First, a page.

Margaret Andersen Makes Diversity Her Life's Work
Margaret "Maggie" Andersen '70 was the first person in her family to go to college, and when she enrolled at Georgia State University in the late 1960s, female students were not allowed to wear slacks to class.
Her goal was to attend classes around her work schedule, graduate and become secretary to the dean. Instead, one sociology class changed everything. Instead of becoming a secretary, she ultimately became a dean herself.
Today, Maggie is helping this generation find opportunities in academia as executive director of the President's Diversity Initiative at the University of Delaware, where she also teaches as the Rosenberg Professor of Sociology.
At GSU, she and her husband, Richard Rosenfeld, fund the Margaret Andersen Scholarship, which is awarded annually to an outstanding sociology student at GSU who intends to pursue graduate education.
"Sociology helped me make sense of the things I was seeing in society all around me," she says of an era that included the Vietnam War, civil rights protests and the women's movement.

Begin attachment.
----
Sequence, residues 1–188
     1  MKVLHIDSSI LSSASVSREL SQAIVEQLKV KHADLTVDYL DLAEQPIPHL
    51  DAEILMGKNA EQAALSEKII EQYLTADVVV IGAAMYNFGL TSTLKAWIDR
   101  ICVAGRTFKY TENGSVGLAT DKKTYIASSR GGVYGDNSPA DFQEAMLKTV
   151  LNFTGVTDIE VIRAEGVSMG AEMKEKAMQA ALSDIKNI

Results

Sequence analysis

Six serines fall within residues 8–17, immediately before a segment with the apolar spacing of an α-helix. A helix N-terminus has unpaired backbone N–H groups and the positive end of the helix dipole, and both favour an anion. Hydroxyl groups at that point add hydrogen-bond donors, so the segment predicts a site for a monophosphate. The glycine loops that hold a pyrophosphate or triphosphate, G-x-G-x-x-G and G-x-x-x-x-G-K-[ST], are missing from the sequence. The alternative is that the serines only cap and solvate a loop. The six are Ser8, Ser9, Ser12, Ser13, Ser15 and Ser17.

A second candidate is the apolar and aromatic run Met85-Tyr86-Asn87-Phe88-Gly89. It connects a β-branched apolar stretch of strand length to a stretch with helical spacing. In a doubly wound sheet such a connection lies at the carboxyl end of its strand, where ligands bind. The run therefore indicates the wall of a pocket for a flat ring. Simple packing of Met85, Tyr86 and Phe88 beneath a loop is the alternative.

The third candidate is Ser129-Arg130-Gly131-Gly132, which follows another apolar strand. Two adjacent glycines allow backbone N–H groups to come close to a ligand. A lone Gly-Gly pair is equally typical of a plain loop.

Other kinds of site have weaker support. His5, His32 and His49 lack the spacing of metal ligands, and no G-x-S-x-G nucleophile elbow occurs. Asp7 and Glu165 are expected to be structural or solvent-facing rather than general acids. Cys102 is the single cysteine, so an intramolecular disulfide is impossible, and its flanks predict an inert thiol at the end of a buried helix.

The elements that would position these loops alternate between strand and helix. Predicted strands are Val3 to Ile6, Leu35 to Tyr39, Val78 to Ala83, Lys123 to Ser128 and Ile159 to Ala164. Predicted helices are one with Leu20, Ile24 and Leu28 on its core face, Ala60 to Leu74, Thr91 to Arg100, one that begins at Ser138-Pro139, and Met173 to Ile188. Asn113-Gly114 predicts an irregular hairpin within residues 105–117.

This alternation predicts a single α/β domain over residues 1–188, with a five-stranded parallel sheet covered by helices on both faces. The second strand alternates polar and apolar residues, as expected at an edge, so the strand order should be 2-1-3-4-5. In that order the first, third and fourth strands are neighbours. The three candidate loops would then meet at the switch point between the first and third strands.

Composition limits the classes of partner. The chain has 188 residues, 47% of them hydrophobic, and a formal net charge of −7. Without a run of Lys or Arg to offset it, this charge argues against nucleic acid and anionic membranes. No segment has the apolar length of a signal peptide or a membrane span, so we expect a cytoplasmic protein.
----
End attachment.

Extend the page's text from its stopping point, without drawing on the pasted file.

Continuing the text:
A GSU education was "affordable and amenable to holding a full-time job," she says. "I'm indebted to the campus."
With her funding, students have overcome their own hurdles to see themselves as leaders.
"I am ecstatic to be a part of the next generation that will pave the way for all to attain knowledge, power and success," says 2012 Andersen Scholarship winner Meagan Jain.
Maggie, a member of GSU's College of Arts and Sciences Board of Visitors, emphasizes "how important fund-raising is as an element for the university to realize its dreams."
An education at GSU-where today's student body represents every county in Georgia and more than 150 countries-supports what she values, she says.
"Diversity is the core to truly educate students in a multiracial world," she says. "That's the heart of what I do as a teacher, writer and administrator."
-GSU Foundation Writer Michelle Hiskey
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